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I love Lucy. Or at least the teenage actress, Jena Malone, who plays her in CBS' movie, "The Ballad of Lucy Whipple" (9 p.m. Sunday, Channel 4).

Despite Malone's considerable charms and talents, this production falls flat. Set during the California Gold Rush, "The Ballad of Lucy Whipple" mines familiar territory and is often too precious for its own good.

Glenn Close gets top billing, playing Lucy's mother, Arvella Whipple, who decides to head west after the unfortunate death of her husband in Massachusetts. Close, who was in a series of "Sarah, Plain and Tall" movies for CBS, could do roles like this in her sleep.

This time, unfortunately, she puts us to sleep, especially when she's looking concerned and determined.

Lucy clearly is the least happy of the three Whipple kids over her mother's decision to move to California to run a makeshift boarding house at the back of a saloon. She also isn't happy about her name. Originally named California because of her mother's longing for the West, she changes her name to Lucy.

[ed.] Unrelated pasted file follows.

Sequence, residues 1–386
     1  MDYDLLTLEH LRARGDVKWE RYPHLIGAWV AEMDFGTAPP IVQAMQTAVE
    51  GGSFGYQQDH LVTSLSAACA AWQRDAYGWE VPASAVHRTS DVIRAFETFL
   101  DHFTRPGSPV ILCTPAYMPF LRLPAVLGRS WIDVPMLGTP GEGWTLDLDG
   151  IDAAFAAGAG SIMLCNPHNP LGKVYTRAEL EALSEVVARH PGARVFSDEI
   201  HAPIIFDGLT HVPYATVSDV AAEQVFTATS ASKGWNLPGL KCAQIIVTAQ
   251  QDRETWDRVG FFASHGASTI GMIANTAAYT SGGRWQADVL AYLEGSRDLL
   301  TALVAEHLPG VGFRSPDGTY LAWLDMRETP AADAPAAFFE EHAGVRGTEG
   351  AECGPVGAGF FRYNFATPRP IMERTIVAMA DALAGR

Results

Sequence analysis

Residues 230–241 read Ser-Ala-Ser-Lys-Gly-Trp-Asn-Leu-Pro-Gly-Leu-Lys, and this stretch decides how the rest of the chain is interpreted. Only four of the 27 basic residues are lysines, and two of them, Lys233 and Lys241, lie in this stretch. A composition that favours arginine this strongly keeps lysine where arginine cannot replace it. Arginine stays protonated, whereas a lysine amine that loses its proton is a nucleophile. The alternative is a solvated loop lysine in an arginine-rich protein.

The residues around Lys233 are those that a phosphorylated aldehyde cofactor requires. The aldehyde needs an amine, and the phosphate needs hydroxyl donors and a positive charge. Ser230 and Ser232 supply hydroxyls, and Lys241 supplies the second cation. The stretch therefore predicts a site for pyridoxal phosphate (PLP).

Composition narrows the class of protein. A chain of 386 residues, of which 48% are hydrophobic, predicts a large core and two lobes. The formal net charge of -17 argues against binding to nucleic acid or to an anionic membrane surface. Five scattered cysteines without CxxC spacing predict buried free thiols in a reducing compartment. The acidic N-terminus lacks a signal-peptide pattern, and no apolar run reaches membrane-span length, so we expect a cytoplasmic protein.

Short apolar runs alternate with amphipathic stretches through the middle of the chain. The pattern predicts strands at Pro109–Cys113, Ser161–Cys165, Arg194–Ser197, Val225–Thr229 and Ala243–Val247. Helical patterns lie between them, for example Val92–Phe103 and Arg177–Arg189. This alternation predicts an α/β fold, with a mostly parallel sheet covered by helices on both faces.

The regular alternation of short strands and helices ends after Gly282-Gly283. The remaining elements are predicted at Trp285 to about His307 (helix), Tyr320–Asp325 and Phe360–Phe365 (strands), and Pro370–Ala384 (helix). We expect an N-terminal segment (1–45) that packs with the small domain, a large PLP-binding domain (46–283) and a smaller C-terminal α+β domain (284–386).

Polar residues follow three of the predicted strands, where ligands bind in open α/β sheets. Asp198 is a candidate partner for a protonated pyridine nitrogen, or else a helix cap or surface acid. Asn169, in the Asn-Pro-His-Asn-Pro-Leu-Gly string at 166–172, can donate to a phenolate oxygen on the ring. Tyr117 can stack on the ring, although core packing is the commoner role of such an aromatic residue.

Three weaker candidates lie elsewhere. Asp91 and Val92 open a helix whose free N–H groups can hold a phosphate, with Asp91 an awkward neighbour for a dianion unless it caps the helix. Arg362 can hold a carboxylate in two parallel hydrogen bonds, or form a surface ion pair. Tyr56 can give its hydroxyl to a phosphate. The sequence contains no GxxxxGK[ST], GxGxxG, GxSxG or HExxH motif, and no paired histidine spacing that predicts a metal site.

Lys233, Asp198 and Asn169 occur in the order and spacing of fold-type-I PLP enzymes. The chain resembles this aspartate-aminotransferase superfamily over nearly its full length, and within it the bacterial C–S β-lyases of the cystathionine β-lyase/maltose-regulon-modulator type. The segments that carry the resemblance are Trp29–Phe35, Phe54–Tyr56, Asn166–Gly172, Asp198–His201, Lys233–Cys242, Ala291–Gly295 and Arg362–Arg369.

When she isn't writing letters to her grandparents, Lucy is trying to find time to read a good book. She makes friends with a couple of outcasts - a girl her own age living in the frontier to avoid her abusive father and a strong, kind-hearted black man who constantly has to deal with prejudice.

Meanwhile, Lucy's younger brother, Butte (named after the Montana city) is trying to find 50 different words that one could substitute for alcohol.

Robert Pastorelli ("Murphy Brown") is thrown into the mix as a preacher who tries to open Mama Whipple's heart and make her rethink her loathing of the men of the cloth. Wilford Brimley also pops up late in the story as a sheriff and judge. And singer Meat Loaf plays a storyteller and blacksmith named Amos.

You can practically see where the story is headed and just wish it would take less time to get there. Only Malone's luminous work makes any of this Gold Rush story sparkle.

The dialogue? Well, let me just say that it proves there are more than 50 ways to be sappy. If I were the audience I'd take Lucy's advice, forget about this tedious movie and read a good book on Sunday night.

Rating: 1 star out of 4

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